fri 21/06/2024

Orpheus and Eurydice, English National Opera review – imaginative but underwhelming | reviews, news & interviews

Orpheus and Eurydice, English National Opera review – imaginative but underwhelming

Orpheus and Eurydice, English National Opera review – imaginative but underwhelming

Dance focus intrigues, but is let down by incoherent designs and modest musical offerings

Alice Coote in Orpheus and Eurydice© Donald Cooper

English National Opera chose a curiously low-key production to open their season. Gluck’s Orpheus and Eurydice has only three singing roles and very little action. For this production, Wayne McGregor has reimagined the work as an opera/dance hybrid.

That brings a valuable dynamic element to Gluck’s stately discourses, but there are few interpretive insights here, and the almost non-existent sets made more demands on the dance than even McGregor’s sophisticated choreography could sustain.

The opera itself contains many ballet numbers, so the dance element makes sense. And McGregor resists the temptation to have his troupe – 14 dancers in all – on stage throughout, instead focussing his energies on the Overture and the ballet sequences, especially in act III. Little about the dancing is narrative or literal, and physical interactions between dancers and singers are kept to a minimum. A sense of torment is powerfully portrayed at the threshold to the Underworld in act II, while the Dance of the Blessed Spirits in act III references the formality of Baroque ballet, though of course highly stylised. Orpheus is shadowed by a male dancer through much of the opera (Jacob O'Connell, pictured bottom), and in Act Four a dance double appears for Eurydice too, allowing for subtle interplay between the two couples in the final scene.

The sets (Lizzie Clachan) andSoraya Mafi as Love costumes (Louise Gray) make less sense. To make room for the dancers, the chorus is banished to the orchestra pit and amphitheatre boxes – totally unnecessary given the size of the Coliseum stage. The stage backdrop is a coarsely pixelated screen, which regularly overwhelms the action with garish colours and strobe flashes. Shadow and silhouette effects are used to amplify the dance movement, but there is no consistency, and the dancers’ garish costumes conflict with the clean lines of the lighting design (Jon Clark). The most impressive piece of staging is Eurydice’s tomb in the first act, an iridescent box in which her body floats unsupported. Beautiful – just a shame the Royal Opera Parsifal got there first.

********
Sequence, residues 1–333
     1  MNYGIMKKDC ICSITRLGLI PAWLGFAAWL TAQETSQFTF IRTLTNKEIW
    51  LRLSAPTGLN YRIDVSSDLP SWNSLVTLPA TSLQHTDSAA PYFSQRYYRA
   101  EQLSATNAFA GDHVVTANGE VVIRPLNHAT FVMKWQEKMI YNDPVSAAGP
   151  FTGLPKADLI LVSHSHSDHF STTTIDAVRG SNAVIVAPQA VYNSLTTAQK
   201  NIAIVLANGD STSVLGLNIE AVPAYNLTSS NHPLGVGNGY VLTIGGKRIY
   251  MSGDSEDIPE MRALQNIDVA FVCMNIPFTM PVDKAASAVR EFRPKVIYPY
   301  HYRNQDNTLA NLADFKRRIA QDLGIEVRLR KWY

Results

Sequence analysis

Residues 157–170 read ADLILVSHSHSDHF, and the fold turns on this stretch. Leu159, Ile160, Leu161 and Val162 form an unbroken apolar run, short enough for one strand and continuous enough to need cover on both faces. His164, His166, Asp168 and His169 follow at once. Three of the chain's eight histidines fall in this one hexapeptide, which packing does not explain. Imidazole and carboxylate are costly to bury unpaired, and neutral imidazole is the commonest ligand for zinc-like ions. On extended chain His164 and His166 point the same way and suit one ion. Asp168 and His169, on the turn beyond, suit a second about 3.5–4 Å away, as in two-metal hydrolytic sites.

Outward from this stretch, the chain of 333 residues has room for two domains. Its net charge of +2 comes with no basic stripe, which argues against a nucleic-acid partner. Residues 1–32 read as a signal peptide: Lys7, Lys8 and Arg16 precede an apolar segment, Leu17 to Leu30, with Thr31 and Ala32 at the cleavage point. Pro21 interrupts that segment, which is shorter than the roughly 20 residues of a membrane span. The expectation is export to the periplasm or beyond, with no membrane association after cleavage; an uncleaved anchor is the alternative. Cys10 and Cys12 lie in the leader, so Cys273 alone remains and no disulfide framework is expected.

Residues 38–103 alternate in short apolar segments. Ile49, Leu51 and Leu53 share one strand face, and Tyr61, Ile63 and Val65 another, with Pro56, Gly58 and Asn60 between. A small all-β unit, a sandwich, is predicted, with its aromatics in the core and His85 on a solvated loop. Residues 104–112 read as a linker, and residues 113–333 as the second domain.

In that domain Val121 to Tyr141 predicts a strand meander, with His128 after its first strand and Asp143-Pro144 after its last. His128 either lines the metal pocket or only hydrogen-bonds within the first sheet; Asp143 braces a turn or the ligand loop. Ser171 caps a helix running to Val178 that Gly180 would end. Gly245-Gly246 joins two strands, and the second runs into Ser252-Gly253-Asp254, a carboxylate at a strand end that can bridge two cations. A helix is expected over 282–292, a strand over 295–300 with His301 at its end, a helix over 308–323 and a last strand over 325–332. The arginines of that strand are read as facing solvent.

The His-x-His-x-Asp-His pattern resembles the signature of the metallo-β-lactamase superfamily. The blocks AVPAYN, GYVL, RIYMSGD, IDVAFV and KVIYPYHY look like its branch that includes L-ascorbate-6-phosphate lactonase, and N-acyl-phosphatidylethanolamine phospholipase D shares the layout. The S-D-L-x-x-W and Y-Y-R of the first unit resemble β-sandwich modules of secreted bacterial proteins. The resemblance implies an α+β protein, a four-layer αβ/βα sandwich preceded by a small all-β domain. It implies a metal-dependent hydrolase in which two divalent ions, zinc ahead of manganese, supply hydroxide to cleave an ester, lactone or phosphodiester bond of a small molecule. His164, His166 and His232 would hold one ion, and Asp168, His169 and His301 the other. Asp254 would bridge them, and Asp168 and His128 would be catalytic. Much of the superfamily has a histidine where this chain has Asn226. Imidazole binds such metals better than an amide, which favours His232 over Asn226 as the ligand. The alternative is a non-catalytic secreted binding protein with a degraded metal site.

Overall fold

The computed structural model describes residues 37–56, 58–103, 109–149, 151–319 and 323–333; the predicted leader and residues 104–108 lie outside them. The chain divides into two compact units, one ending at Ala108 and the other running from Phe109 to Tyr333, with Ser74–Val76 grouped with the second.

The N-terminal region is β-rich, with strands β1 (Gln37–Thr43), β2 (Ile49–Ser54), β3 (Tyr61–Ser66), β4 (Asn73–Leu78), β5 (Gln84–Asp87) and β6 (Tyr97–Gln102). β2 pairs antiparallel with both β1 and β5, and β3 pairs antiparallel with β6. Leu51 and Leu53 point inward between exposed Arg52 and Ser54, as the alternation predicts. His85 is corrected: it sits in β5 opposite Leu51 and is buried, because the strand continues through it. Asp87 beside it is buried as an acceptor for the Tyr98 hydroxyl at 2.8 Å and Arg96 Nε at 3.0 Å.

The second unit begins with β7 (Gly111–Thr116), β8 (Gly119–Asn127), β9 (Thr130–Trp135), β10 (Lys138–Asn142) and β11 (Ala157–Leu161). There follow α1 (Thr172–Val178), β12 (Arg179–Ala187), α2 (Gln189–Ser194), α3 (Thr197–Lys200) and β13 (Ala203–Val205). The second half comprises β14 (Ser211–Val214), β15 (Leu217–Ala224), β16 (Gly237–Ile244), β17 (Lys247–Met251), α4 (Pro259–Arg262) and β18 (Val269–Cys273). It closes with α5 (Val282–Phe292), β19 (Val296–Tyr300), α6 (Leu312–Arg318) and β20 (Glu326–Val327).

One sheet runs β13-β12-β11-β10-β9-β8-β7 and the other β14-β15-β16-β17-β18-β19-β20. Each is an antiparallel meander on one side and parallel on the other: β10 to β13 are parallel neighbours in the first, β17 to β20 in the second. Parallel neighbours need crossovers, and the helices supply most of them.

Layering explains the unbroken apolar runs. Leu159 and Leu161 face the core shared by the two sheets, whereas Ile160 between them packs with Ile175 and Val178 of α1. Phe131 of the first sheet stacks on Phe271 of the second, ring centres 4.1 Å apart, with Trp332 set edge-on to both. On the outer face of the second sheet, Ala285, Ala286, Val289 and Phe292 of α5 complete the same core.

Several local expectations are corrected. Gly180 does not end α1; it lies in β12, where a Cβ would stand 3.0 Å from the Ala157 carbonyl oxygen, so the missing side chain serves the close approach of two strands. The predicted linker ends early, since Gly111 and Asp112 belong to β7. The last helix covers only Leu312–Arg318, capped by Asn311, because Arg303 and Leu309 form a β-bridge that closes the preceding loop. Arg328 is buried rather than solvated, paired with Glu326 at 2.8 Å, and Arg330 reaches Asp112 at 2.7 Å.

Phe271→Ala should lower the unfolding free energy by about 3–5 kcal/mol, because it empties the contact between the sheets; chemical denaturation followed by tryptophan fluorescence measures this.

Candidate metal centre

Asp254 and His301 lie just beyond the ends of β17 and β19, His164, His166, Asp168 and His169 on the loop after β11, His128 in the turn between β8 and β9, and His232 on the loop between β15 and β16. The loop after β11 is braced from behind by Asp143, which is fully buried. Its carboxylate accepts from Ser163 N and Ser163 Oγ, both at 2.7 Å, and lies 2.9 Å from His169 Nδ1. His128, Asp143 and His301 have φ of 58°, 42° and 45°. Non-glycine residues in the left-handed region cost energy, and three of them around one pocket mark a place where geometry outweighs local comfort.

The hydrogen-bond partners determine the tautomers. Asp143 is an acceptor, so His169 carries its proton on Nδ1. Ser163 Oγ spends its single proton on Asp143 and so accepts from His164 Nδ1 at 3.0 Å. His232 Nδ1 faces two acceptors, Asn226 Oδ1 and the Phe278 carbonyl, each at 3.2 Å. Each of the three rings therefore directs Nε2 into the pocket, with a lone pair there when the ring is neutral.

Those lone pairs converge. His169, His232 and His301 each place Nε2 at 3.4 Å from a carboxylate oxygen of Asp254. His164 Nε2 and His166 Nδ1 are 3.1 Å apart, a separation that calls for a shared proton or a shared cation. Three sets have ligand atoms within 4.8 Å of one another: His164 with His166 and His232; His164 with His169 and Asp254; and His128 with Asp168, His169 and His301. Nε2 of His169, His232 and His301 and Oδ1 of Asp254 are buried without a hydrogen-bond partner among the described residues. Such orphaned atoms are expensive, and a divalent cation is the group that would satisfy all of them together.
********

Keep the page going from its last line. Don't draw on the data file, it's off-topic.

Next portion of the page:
Musically, the performance was serviceable, though none of the voices stood out. Alice Coote was suffering a serious viral infection, so allowances can be made. She looked under the weather, and struggled desperately for vocal stamina in the second half. Hopefully she will be in better health for the end of the run, but don’t be surprised to see an understudy between now and then. Sarah Tynan is a good fit for Eurydice, her singing always emotive, but her tone clear, if a little forced at the top. Soraya Mafi (pictured above right) is also a good choice as Love. Her voice is agile and well projected, and she has the stage presence and acumen to make all of her scenes work, despite every effort by the costume designer and the libretto translator to erode her credibility (example: “The rule is no speaking/remember no peeking”). Jacob O'Connell, Sarah Tynan and Alice CooteHarry Bicket conducts an energetic and lyrical account of Gluck’s score – here performed in Berlioz’s slightly meatier 1859 version. The chorus made the best of it from their perches, and having most of the singers in the pit brought valuable coherency to the chorus and orchestra sound. The orchestra itself lacked the classical poise and precision that Gluck’s music really needs to shine, but compensated with energy and vim, especially the perky woodwind solos in the instrumental numbers. But this remained a small production on a big stage, and while the dancing added an interesting addition to the modest musical offering, the choreography lacked dramatic substance and interpretive insight, at least from an operatic perspective. Economic considerations no doubt played a significant role in the decision to open the season on such a modest note; the results were imaginative, but underwhelming.


McGregor’s choreography brings dynamism to Gluck’s stately discourses, but there are few interpretive insights here


Editor Rating: 
Average: 2 (1 vote)

Share this article

Add comment

Subscribe to

Thank you for continuing to read our work on For unlimited access to every article in its entirety, including our archive of more than 15,000 pieces, we're asking for £5 per month or £40 per year. We feel it's a very good deal, and hope you do too.

To take a subscription now simply click here.

And if you're looking for that extra gift for a friend or family member, why not treat them to a gift subscription?


Get a weekly digest of our critical highlights in your inbox each Thursday!

Simply enter your email address in the box below

View previous newsletters